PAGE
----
Original Vs. Remake – Carrie (2002)

It’s time again for Catie Rhodes and me to break down another cinematic original and its remake.  Returning to our usual ways, Catie reviews the original and I take on the remake.  This month we tackle the horror classic, Carrie.

First, let’s take a look at Catie’s homemade summary, or actually logline/tagline this month:

This is what happens when the girl who is the brunt of every joke decides she’s had enough.

Before I begin my review of the 2002 remake, let me first begin by saying a few things about the 1976 film.  As with many of Stephen King’s works, Carrie is and forever will be a classic horror story.  Honestly, the original version ranks right up there with The Shining, Misery, Cujo, Silver Bullet, Pet Semetary, and even the TV movie, It.  I can watch any of these films, plus many more King adaptations, over and over again.

Story aside, the actresses in the 1976 classic should also be recognized.  Both Sissy Spacek (Carrie White) and Piper Laurie (Carrie’s mother, Margaret White) nailed their performances… Ms. Spacek as the sheltered and abused Carrie White, who breaks and finds a way to torment those who have always tormented her, and the great Piper Laurie as the overly religious and abusive mother.  Their performances landed both of them Academy Award nominations and deservingly so.  I’m not sure a horror movie has ever received Best Actress and Best Supporting Actress nominations since, although I could be wrong, and I doubt we see any true horror movies such as this receive this kind of praise going forward, but maybe…

But enough about the original, let’s talk about the 2002 remake.

When I first agreed to take on this film, Catie warned me.  But I always enjoy comparing remakes to originals, even if the recent plethora of remakes does worry me about the lack of originality in Hollywood today.  So I did a quick search on my DVR; found the 2002 film and set it to record; and eventually sat down and watched it.

First of all, I almost turned it off five minutes in.  The quality was horrible and I thought to myself that the film appeared to be a low-budget made-for-TV version of the original.  Little did I know at the time, it was.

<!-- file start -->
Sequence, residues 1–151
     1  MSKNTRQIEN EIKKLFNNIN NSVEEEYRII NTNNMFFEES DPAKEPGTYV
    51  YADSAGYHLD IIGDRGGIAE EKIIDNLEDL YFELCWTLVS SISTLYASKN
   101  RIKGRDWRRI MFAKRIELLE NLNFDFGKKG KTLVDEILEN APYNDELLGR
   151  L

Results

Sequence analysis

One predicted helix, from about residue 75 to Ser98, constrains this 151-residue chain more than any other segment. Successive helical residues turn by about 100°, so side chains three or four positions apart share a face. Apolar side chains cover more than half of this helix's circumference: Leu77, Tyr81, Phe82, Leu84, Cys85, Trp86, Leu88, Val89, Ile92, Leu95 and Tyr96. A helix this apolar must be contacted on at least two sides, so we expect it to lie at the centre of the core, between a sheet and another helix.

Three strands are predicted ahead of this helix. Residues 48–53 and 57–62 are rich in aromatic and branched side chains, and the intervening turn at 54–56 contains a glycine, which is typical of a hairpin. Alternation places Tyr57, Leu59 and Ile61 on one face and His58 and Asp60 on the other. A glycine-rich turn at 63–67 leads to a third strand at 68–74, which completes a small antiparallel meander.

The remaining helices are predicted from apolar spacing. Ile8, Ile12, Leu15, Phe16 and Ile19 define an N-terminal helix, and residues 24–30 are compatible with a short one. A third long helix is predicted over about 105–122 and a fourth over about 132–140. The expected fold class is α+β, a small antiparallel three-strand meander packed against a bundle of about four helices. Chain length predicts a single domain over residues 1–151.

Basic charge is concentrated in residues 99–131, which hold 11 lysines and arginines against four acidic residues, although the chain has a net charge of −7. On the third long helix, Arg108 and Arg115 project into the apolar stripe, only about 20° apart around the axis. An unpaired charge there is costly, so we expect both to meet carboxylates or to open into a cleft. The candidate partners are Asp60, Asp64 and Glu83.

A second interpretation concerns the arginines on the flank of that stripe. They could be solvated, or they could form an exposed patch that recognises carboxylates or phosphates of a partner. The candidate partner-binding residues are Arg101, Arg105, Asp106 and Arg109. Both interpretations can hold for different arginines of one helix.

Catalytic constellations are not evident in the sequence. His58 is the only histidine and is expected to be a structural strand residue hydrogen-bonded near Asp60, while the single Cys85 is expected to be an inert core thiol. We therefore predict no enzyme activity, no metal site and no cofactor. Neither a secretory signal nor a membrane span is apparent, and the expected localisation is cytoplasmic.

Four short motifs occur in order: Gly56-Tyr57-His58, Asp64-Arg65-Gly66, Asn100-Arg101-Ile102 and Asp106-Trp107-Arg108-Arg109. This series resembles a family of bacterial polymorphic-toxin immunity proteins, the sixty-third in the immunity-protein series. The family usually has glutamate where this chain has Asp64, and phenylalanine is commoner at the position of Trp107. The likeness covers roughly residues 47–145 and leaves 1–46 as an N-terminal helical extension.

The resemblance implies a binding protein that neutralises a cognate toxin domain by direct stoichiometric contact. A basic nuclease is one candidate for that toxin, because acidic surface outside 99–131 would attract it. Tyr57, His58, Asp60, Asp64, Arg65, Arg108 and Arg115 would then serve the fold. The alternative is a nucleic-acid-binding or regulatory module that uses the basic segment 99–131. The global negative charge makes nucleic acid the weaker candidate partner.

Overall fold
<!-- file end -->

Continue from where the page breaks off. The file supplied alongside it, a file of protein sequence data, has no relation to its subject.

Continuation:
But I stuck through it, mainly because you can’t review a film after watching the first five minutes.  The story was *kind of* the same as the original, although they did take a few liberties of their own throughout, and the special effects were horrible.  Especially for 2002.

The performances weren’t all that bad, especially not Patricia Clarkson as Margaret White.  She was great. And of course Angela Bettis (Carrie) and the beautiful Rena Sofer (Miss Desjarden, the remake’s version of Miss Collins) weren’t horrible either; but  everyone else… not so much.

So is the 2002 version worth a watch?  No!  Stick to the original…

Now, I also went to the theater to see the new 2013 Carrie film starring Chloe Grace Moretz and Julianne Moore before watching the 2002 “movie.”  Tune in Friday to find out how it compares to the 1976 original and the 2002 version.

And before I go, let me just say that I particularly like the idea of watching Carrie today, especially with the world of bullying where it is now.  Bullying has always existed, at home, at school, and all bullies need to know that eventually everyone gets theirs.  Maybe not via telekinesis like in Carrie, but they do in one way or another.  Therefore, why bully in the first place?

If a little movie like Carrie can stop at least one bully before they physically or emotionally attack anyone, good.

What do you think?  Have you seen either the original or the 2002 version of Carrie?  If you’ve seen both, which do you prefer and why?  If you haven’t, do you want to?  I’d love to hear from you! 


Tiffany A. White is the author of the YA mystery Football Sweetheart series available on Kindle and Nook.  She is available for contact via Twitter, Facebook, Google+, or via email at tiffany {at} tiffanyawhite {dot} com.

Why It’s Worth a Watch Wednesday – The Mysteries of Under the Dome

After my second DVR crash since March, I found myself scurrying around, trying to recover the 200+ recordings I lost.  Amongst those so inconveniently deleted was CBS’s new science fiction drama, Under the Dome.

When we were finally ready to sit down and watch Under the Dome, we couldn’t find the first episode.  The pilot wasn’t available for viewing on the CBS website, or via OnDemand, prompting us to try something we’d never done before—watch TV via our Amazon Prime account.  For free.  Yeah, I was a happy camper…